My sister Katie and I started out on the same life path: Diaper-free at age two, collecting Pokemon at age eight, studying Spanish at age twelve. However, come college time, a strange shift happened: I kept on the Spanish track, but Katie became obsessed with all things Russian.
We were just as confused as you might be.
Katie chose Reed College because of its distinguished Russian Literature program. She hung out at the campus Russian House and ate blini with her professors. Then she studied abroad in St. Petersburg. We’re from California, so keeping with Spanish always seemed like the practical route. However, Katie’s always taken an alternative path, so in hindsight, it seems natural that while everyone was busy studying por vs. para, she had to go learn the Cyrillic alphabet.
Katie is now a Russian translator, and she continues to amaze and perplex us with her love for all things Russian. Explaining the root of her extreme curiosity in the country might go on as long as a Dostoyevsky novel. Thus, I’ve asked her to simply shed some light on her favorite Russian city, St. Petersburg.
Why You Should Consider a Trip to Saint Petersburg (according to Katie)
St. Petersburg is one of the cultural capitals of Russia. It is renowned for its beautiful European architecture, Venetian-inspired canals, museums (the Hermitage), theaters and ballets (the opulent Mariinsky), and fascinating history. It also has a great metro system, and unlike Moscow, is fairly compact and easy to navigate.
It feels more human-scaled than Moscow or other large Russian cities like Yekaterinburg, and has a much more bohemian, grungy spirit to it (perhaps because it was home to the great dissident Soviet rock star, Viktor Tsoi).
The city divides into the mainland and two large islands, so you have to traverse various canals and bridges to get around. Since the metro closes at midnight, you have to be aware of when the bridges raise and lower each night so you won’t get trapped. However, this does make for a beautiful sight, and forces you to stay out all night partying or exploring. Moreover, in the summer you get the White Nights. St. Petersburg is very far north, so it starts to get dark only around midnight, and then just for a couple of hours. This can lead to horrible insomnia, but is a necessary antidote to the long spells of winter cold and darkness.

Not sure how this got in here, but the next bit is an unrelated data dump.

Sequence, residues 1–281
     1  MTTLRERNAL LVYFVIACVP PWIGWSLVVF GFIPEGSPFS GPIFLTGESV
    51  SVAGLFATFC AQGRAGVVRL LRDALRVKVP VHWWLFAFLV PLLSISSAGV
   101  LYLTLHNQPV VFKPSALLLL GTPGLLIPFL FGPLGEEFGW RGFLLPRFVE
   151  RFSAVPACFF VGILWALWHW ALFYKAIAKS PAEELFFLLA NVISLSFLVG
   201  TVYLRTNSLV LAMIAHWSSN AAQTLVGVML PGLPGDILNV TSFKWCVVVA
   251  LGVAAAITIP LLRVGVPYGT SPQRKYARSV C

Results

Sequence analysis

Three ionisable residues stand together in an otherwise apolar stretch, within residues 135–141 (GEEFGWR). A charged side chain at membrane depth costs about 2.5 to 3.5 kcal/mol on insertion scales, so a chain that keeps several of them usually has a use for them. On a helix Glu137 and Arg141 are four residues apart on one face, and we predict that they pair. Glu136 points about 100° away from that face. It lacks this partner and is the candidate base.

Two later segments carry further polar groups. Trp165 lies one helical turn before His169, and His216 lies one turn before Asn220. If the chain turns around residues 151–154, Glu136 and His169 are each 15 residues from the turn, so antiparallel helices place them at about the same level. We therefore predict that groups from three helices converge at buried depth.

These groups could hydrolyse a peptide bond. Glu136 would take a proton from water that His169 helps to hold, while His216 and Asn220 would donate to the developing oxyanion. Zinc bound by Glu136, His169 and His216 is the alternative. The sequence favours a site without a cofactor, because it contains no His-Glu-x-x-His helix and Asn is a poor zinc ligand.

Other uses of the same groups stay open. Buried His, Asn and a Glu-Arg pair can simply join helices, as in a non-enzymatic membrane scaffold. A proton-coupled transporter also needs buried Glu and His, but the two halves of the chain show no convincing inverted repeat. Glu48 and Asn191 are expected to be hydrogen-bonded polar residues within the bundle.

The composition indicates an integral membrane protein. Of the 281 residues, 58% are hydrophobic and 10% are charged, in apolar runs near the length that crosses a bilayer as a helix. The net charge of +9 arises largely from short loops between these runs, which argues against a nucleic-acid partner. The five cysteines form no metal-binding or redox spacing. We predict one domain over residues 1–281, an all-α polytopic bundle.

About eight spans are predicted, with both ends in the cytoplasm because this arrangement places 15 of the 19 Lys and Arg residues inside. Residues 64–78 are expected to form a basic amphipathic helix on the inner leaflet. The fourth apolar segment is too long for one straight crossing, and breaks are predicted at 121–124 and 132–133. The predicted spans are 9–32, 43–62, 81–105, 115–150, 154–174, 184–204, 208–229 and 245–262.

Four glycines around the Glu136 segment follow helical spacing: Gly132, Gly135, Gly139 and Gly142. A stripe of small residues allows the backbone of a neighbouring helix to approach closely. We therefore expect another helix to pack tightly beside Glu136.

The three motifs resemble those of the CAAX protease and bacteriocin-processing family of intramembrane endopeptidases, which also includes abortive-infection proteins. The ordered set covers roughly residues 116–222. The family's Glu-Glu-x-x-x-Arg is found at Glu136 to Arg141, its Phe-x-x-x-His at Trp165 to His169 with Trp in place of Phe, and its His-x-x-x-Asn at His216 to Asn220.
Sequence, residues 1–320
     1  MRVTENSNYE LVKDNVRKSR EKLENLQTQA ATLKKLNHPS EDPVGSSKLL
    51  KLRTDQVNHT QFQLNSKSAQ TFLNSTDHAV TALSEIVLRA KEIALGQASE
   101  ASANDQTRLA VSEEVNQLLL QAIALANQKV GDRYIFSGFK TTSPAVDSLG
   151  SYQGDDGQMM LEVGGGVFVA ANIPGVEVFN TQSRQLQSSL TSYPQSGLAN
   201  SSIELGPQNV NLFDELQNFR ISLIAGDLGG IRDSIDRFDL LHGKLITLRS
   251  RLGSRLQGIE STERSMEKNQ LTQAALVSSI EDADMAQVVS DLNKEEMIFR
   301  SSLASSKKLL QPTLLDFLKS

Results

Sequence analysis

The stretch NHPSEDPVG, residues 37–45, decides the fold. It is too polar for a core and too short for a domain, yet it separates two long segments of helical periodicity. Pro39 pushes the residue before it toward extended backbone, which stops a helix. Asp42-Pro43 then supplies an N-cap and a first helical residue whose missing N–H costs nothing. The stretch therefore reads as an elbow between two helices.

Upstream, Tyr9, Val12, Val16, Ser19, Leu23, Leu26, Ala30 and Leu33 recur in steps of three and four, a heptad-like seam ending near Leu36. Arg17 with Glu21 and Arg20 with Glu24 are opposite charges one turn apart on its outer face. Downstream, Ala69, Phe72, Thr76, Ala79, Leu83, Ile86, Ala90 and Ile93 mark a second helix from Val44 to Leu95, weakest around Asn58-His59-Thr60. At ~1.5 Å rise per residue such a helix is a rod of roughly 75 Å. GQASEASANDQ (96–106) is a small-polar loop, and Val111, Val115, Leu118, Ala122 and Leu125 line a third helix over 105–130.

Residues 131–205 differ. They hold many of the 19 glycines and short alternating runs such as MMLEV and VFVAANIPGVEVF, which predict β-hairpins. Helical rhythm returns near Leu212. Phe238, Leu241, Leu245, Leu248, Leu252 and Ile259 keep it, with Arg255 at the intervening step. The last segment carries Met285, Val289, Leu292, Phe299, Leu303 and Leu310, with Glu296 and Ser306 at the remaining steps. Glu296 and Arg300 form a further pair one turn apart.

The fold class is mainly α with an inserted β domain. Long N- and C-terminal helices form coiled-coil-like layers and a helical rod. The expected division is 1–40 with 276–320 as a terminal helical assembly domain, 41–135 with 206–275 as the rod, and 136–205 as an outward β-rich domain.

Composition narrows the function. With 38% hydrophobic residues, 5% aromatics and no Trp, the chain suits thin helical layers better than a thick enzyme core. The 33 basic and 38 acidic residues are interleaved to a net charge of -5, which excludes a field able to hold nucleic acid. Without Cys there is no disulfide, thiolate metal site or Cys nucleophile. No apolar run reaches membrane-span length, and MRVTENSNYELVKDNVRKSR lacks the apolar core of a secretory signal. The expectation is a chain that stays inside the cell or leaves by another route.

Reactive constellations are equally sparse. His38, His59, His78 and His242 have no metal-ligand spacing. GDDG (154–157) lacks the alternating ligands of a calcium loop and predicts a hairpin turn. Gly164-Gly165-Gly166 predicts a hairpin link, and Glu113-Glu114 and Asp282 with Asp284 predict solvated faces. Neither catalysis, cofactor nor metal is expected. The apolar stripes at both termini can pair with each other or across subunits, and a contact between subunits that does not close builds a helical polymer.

Traveling to St. Petersburg on a budget can be tricky, because Americans need a visa to visit (last time I was there it was about $150 for a tourist visa, $240 or so for a longer three-month business visa). Airfare and lodging in St. Petersburg, other than hostels or couch surfing, is expensive as well. Avoid chain stores like H&M and Zara, which are more expensive than their American and European counterparts. Luckily, there are amazing and cheap flea markets all over the city (you just have to find them). Food in grocery stores is really cheap, and the metro is affordable and accessible.
Go now while the ruble is in bad shape, but be a respectful visitor and do your best to learn about Russia from a local perspective. There is so much more to Russia than the nasty politics between Russia and the United States make it out to be.
Neighborhood: Petrogradskaya storona (Petrograd Side) is the smaller of St. Petersburg’s two main islands. It’s really beautiful to walk around here, and you can cross a bridge and through a forest to Elagin Island, where there’s a nice park for boating, roller skating and biking, and lounging on beautiful lawns. When I was last there in 2012, the Stereoleto music festival was there (with Regina Spektor and Royksopp headlining).
Restaurant: Khinkali, a Georgian restaurant at 20 Konstantina uslonova ulitsa. Go to as many Georgian restaurants as you can!
Clubs: Tunnel Club, on Petrograd Side (if it’s open), is in an old bunker. A former industrial courtyard at 50 Ligovsky Prospekt is probably full of new clubs, although the first time I was in St. Petersburg, the only things there apart from auto mechanics, abandoned buildings, and piles of scrap metal were the clandestine Vegan Klub and Jesus Club, where all the beautiful young hipsters gathered.
Russian Expression: I find it difficult to pronounce St. Petersburg in Russian (Sankt-Peterbourg), but luckily everyone just calls it Питер (Piter). You’ll probably hear old people refer to it as Leningrad!
Thanks so much, Katie! To learn more from my wonderful sister and her obsession with Russia, reader her In Other Wor(l)ds interview (about her experience studying and working in Russia) and her Let’s Talk interview (about learning Russian).